benefit the individual.
have access to free or low-cost medical services.” SSR 96-7p, 1996 WL 374186, at *8.
Ms. Farden argues that while relying heavily on the fact that she did not seek treatment
for depression, ALJ Hertzig failed to consider her explanation for not doing so. Doc. 23 at 13–
14. In determining that her depressive disorder was nonsevere, ALJ Hertzig found that Ms.
Farden’s depressive disorder was nonsevere because she did not seek or receive “meaningful
treatment” for the condition. See Doc. 23 at 13–14; AR 846 (“[Ms. Farden] never maintained
meaningful mental health treatment or sought formal mental health evaluation . . . does not
appear to have been evaluated by a mental health professional other than  Dr. Gleaves . . . the
claimant is not shown to have maintained any mental health treatment after the visits to Dr.
Bulrice.”); AR 847 (“no evidence of meaningful mental health treatment and failed to appear for
a psychological consultative examination scheduled in August 2013 . . . but is clearly not shown
in the record to have sustained any psychotropic medication or other meaningful mental health
treatment . . . . During her return visit to Clovis in February 2015, the claimant did not mention
depression.”); AR 848 (Dr. Amusa “noted that the claimant mentioned anxiety and depression
only intermittently.”). In summarizing Ms. Farden’s depressive disorder, ALJ Hertzig stated:
Again, since the March 2007 alleged onset date, the claimant complained
on a few occasions of marked to extreme depression or anxiety, yet remained
relatively unremarkable on most mental status examinations. She is not shown to
have maintained any meaningful psychotropic medications since 2007, never
sought formal mental health evaluation, and failed [to attend] a scheduled
psychological consultative examination in August 2013.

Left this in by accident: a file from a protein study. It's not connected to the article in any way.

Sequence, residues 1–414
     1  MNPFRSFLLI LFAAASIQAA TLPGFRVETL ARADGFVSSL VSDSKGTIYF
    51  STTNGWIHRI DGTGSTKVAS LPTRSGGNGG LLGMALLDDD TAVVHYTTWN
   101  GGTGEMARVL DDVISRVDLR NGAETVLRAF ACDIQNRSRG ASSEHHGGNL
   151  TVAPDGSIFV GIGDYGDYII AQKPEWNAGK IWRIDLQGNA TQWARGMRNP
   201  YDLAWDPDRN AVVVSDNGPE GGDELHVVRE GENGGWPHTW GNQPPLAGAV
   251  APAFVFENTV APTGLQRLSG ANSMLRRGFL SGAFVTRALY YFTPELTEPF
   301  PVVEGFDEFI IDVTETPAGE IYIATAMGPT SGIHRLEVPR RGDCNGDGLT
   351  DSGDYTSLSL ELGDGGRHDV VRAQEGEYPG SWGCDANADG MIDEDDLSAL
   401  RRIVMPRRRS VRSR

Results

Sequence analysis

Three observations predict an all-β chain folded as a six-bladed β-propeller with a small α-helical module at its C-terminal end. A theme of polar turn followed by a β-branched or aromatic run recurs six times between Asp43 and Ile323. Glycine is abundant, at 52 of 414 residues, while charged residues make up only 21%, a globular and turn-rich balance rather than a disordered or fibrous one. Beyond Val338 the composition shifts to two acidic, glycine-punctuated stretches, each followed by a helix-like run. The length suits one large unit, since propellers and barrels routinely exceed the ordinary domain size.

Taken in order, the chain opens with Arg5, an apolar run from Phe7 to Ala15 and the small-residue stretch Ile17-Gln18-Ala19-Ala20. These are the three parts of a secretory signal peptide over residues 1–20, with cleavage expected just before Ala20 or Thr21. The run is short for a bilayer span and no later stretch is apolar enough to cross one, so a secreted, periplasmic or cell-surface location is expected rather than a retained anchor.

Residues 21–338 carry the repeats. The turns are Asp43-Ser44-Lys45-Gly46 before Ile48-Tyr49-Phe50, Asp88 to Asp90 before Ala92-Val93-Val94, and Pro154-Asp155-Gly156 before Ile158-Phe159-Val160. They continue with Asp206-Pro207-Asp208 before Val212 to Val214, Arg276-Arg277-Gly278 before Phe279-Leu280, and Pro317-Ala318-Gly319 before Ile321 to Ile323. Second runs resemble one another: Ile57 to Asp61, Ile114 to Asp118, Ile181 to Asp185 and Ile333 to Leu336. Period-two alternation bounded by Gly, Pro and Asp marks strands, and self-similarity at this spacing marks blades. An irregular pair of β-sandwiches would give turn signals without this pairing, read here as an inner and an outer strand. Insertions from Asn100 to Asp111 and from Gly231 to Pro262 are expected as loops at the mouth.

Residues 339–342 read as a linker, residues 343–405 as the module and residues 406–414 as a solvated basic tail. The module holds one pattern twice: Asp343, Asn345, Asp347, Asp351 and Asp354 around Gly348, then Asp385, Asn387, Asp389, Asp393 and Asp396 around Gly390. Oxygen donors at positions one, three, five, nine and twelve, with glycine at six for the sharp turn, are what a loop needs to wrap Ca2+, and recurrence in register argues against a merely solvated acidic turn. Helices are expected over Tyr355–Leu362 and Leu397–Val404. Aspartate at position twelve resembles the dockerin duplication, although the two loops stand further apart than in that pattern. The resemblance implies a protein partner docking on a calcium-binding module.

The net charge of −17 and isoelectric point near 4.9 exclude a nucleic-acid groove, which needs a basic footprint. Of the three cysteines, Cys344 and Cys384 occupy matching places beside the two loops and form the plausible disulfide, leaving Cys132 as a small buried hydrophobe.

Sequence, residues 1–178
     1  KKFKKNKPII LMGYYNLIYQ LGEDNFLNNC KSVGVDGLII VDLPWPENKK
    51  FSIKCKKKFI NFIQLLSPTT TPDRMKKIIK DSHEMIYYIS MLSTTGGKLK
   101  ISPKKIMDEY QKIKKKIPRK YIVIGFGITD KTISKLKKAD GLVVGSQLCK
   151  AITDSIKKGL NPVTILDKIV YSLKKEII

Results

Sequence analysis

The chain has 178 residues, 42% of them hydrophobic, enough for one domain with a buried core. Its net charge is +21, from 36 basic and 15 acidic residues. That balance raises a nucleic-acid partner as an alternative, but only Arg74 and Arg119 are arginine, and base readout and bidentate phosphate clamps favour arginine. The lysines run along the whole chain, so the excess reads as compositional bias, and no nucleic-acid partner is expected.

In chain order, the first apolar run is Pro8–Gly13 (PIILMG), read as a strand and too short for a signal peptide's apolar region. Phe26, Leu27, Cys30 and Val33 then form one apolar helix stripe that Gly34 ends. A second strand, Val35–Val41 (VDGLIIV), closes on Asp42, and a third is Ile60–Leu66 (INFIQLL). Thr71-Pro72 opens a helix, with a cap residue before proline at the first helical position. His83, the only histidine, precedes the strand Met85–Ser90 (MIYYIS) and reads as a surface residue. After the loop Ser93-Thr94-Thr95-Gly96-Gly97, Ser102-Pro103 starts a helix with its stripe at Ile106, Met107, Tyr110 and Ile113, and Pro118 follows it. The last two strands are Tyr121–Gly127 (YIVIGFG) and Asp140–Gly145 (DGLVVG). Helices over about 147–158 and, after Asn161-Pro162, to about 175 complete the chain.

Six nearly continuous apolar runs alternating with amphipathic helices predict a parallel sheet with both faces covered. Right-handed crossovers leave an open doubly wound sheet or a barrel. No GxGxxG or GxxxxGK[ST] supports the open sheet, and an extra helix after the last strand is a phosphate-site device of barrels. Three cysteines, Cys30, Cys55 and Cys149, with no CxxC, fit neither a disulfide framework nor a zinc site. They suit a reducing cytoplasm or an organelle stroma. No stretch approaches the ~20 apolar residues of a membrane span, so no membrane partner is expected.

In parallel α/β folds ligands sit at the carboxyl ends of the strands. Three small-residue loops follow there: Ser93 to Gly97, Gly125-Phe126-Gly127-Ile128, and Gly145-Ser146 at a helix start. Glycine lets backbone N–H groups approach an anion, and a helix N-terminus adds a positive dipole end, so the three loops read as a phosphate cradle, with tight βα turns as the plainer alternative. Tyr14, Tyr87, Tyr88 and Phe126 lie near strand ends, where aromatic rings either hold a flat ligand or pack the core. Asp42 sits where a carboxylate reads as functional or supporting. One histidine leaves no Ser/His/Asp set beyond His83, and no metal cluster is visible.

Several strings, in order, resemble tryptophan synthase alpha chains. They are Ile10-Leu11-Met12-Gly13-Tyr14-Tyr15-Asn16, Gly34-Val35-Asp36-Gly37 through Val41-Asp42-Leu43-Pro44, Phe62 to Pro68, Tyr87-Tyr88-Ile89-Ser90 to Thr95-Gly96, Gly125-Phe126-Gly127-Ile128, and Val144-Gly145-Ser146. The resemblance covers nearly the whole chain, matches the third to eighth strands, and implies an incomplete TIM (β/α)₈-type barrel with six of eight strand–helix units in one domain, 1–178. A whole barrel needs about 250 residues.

AR 848. Accordingly, ALJ Hertzig concluded that Ms. Farden’s “medically determinable
mental impairment of major depression, unspecified, considered singly and in combination, did
* Medical treatment may be contrary to the teaching and tenets of the individual’s
SSR 96-7p, 1996 WL 374186, at *8.
not cause more than minimal limitation in [Ms. Farden’s] ability to perform basic mental work
activities and was, therefore, not ‘severe.’” Id.
Although he does not specifically say so, ALJ Hertzig necessarily concluded that Ms.
Farden’s explanation for failing to seek treatment was not credible. To rely on the claimant’s
failure to pursue treatment as support for a finding of noncredibility, the ALJ should consider
four factors: “(1) whether the treatment at issue would restore claimant’s ability to work; (2)
whether the treatment was prescribed; (3) whether the treatment was refused; and, if so, (4)
whether the refusal was without justifiable excuse.” Thompson v. Sullivan, 987 F.2d 1482, 1490
(10th Cir.1993). This analysis applies to cases in which the claimant fails to pursue medical
treatment because he or she cannot afford it. See id. at 1489–90.
During the June 2010 hearing, Ms. Farden testified that she was supposed to be seeing a
psychologist, but she did not have the financial means to obtain treatment. See AR 40–41. Ms.
Farden noted that the cost of transportation on the bus made obtaining treatment impossible
given her monthly income. AR 41. This evidence provides an alternative explanation—other
than lack of functional impairment—for Ms. Farden’s failure to obtain treatment. Despite this
uncontroverted evidence, ALJ Hertzig did not consider the Thompson factors. Specifically, ALJ
Hertzig failed to consider whether Ms. Farden’s failure to seek treatment was justifiable based on
her inability to afford care. ALJ Hertzig also did not consider the other factors, requiring
The ALJ failed to apply the legal standards in SSR 96-7p when assessing Ms. Farden’s
credibility. He failed to take into account Ms. Farden’s inability to pay for mental health
services while at the same time relying on her lack of treatment for depression.
IT IS THEREFORE ORDERED that plaintiff Diane Marie Farden’s Motion to Reverse
or Remand Administrative Agency Decision (Doc. 23) is GRANTED. The decision of the
Commissioner is REVERSED and REMANDED for further proceedings consistent with this
United States Magistrate Judge
Presiding by Consent